Marcel, it seems, is everywhere (also, we chose the hundredth anniversary of Swann’s Way to start this project! Let’s pretend that was intentional, Nora…)
“When we talk about this period of our lives in the future,” I told Nora the other day via gchat, “we will call these my ‘coffee shop days.'” She laughed (virtually), and I listed the different establishments in which I had spent the past week: Atlas Cafe on the Lower East Side, McNally Jackson in SoHo, OST Cafe on Avenue B and 12th street, and so on. Each had a distinct personality, a different sort of clientele, a different music selection. In each, I made myself at home, ordered some sort of tea or hot chocolate (I have learned by now that coffee and I do not mix well), opened my laptop, and settled into the same familiar search. It is time to find a real job.
My internship ended right before Christmas, and I have spent the weeks since returning to New York searching for a full-time job. So far, I have gotten a part-time position hostessing at a hip Asian restaurant in Chelsea, which begins next week. But until I get a job with an office and a desk, Atlas Cafe on Clinton Street has become my post-grad equivalent of Cafe Opus on Hamilton’s campus (where I could be found pretty much every minute I was not asleep, eating, or on Kylie’s couch). I get up before nine each day, shower, eat a granola bar, and head down the block to my makeshift office, where I sit and apply for jobs until it is time for lunch, when I usually come home and cook before returning to the effort. So far, it has been two weeks, almost thirty applications, and countless cups of tea. I can only hope, in the end, that all of these numbers will somehow add up to one job.
Until that time, I have rung in the New Year with the most wonderful friends, a few New York adventures, and a slew of visits to wonderful bookstores. Nora and I had brunch last Saturday in TriBeCa, and then walked around SoHo, stopping at Housing Works (a café, bookstore, and thrift store with locations throughout the city whose mission is to counteract the dual problems of homelessness and AIDS), to drop off clothing Nora was donating. We wandered between the shelves of this temple of literary second-chances, pulling out art books and anthologies, books on sexuality and zen gardens. We scoured the fiction shelves for Proust, but Marcel was nowhere to be found. I returned two days later to try to use this new location as a work spot, only to find the bookstore closed for an author event, and a line down the block of people waiting to go in. I joined them, for no reason other than knowing I had to be back in that space, whether productively or not, and spent the next hour listening to John and Hank Green rehearse for a show they were performing the next night at Carnegie Hall.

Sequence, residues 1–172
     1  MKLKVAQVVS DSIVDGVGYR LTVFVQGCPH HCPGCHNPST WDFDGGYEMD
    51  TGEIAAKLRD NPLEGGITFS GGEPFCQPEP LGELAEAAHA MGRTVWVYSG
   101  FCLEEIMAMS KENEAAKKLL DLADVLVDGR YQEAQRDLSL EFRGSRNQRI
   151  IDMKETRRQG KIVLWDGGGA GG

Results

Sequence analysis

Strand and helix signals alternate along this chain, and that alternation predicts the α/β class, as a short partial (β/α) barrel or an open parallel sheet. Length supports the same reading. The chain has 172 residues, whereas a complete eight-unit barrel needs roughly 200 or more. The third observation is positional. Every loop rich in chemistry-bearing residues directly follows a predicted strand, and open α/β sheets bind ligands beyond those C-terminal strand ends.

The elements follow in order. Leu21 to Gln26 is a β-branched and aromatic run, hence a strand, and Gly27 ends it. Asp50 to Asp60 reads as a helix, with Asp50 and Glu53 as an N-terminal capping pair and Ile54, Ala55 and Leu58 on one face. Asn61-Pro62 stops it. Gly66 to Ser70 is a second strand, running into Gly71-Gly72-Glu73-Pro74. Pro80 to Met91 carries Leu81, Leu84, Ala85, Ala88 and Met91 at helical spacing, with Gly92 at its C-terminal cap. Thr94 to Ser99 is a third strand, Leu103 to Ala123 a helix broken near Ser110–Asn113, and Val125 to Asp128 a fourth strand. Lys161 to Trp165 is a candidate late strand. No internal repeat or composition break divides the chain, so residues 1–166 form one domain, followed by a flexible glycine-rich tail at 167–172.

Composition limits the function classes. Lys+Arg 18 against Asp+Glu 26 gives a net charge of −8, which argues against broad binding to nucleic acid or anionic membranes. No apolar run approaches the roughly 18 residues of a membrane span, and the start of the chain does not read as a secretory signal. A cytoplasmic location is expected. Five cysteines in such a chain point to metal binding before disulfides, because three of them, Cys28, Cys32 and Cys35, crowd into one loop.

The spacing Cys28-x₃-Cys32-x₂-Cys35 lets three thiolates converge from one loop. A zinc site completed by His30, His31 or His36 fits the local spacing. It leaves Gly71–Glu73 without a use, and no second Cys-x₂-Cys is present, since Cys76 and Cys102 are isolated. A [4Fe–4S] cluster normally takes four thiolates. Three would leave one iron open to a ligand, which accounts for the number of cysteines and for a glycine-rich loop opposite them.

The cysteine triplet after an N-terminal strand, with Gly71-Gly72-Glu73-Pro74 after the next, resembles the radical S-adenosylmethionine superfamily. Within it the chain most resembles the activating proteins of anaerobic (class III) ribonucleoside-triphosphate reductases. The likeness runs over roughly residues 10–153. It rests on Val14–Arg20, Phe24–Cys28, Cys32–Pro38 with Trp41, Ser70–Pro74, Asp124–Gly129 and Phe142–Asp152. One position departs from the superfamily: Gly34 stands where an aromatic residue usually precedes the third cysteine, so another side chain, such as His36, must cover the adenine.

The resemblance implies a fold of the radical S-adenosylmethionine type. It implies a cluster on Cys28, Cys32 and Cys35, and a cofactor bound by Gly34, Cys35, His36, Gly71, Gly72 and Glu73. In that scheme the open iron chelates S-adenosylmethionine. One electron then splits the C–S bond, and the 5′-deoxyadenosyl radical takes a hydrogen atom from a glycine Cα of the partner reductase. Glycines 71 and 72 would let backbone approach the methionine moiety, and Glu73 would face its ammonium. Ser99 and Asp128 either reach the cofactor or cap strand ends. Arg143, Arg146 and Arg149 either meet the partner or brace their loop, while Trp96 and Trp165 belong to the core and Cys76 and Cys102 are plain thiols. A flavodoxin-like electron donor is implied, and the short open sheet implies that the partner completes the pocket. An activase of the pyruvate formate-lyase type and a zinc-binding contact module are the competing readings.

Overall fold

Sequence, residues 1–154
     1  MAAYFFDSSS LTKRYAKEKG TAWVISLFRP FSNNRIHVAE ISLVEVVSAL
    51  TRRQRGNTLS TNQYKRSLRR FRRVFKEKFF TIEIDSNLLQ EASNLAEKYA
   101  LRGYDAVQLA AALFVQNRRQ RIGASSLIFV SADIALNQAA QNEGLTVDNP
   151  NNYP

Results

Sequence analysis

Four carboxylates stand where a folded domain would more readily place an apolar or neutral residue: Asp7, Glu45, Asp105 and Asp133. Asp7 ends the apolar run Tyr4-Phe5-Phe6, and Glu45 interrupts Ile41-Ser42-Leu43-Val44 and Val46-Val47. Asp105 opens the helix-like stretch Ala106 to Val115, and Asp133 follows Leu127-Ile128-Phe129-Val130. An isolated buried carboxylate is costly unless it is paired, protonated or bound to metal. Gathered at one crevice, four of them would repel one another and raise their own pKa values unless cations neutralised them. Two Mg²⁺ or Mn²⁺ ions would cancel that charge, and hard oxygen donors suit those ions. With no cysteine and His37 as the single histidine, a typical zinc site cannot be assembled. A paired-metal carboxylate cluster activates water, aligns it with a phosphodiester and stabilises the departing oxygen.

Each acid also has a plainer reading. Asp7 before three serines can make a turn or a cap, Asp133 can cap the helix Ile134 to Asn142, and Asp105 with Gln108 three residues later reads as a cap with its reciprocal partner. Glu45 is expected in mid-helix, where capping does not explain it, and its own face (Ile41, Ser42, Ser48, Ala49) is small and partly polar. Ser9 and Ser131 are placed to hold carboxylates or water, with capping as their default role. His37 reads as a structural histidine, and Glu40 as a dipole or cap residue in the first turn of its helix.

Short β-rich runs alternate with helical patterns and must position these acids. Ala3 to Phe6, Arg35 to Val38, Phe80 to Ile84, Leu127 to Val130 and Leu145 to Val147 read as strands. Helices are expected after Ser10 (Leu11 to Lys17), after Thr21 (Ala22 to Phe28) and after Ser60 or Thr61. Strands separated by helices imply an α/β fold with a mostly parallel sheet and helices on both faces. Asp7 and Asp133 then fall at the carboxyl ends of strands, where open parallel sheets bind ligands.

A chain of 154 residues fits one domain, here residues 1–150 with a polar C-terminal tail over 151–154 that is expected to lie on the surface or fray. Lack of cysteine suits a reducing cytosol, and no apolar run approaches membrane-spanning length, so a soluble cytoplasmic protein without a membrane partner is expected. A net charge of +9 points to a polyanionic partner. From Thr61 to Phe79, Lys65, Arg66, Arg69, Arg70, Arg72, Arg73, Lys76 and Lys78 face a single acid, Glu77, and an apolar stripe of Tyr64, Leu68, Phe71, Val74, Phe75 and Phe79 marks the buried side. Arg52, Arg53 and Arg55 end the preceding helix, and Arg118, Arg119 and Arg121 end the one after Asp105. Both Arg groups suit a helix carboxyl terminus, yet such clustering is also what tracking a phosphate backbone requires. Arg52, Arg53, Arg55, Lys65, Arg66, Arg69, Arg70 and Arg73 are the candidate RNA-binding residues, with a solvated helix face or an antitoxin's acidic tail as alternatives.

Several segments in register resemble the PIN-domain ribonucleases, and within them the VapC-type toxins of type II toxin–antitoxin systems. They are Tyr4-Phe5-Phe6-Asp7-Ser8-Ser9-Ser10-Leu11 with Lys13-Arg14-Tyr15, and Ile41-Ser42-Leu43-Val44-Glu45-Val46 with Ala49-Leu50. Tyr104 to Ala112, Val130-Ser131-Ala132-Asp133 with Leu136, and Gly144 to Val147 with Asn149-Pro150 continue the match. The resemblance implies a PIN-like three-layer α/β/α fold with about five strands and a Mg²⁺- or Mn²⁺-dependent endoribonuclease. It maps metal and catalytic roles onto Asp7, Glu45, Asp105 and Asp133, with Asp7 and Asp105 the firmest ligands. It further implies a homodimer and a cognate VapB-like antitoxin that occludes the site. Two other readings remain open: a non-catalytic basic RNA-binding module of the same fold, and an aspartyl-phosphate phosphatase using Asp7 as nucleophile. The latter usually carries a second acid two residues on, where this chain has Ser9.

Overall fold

On Wednesday, my friend Lindsey came to visit me from Baltimore, and we spent two days zipping from one end of Manhattan to the other, eating macarons, seeking out gluten-free dim sum in Chinatown, and exploring the used book room of the Strand. Lindsey and I have been friends since the age of five, and literature has always been one of the main things we have in common (as well as eating, that is!). It was only natural, then, that we made the goal of her visit to find and visit the fabled secret bookstore on the Upper East Side of Manhattan.
I had first heard of Brazen Head books in the summer after my Junior year of college, when I worked for a historical magazine in Union Square and heard the young, hip editors discuss a bookstore zoned as an apartment which a man ran secretly, only admitting guests by word of mouth. Late that year, the New York Times ran a story on the New Inquiry, a magazine started by a group of intellectual, underemployed young graduates whose academic interests and refusal to give up their literary dreams in the face of a routine day job, had led them to found a modern literary salon. The group met once a week, in the secret location of a bookstore in Manhattan, which had once been located in a retail building in Brooklyn, but closed once the owner could no longer pay rent. Lindsey had read about this very same place in an article in the Paris Review, and when she proposed we endeavor to find it, I knew this had been in the works for nearly two years, and it was time to see what magic we could work.
We looked up the name of a man in the white pages, whose phone did not pick up, and at whose apartment we knocked and were met by a British woman, who gave us a telephone number and another address, and told us in hushed tones to call later that day, and a man would meet us. We did so, and, yesterday afternoon, found ourselves ringing an unlabeled buzzer in a prewar building, and climbing a narrow staircase to stand in front of a blue painted door.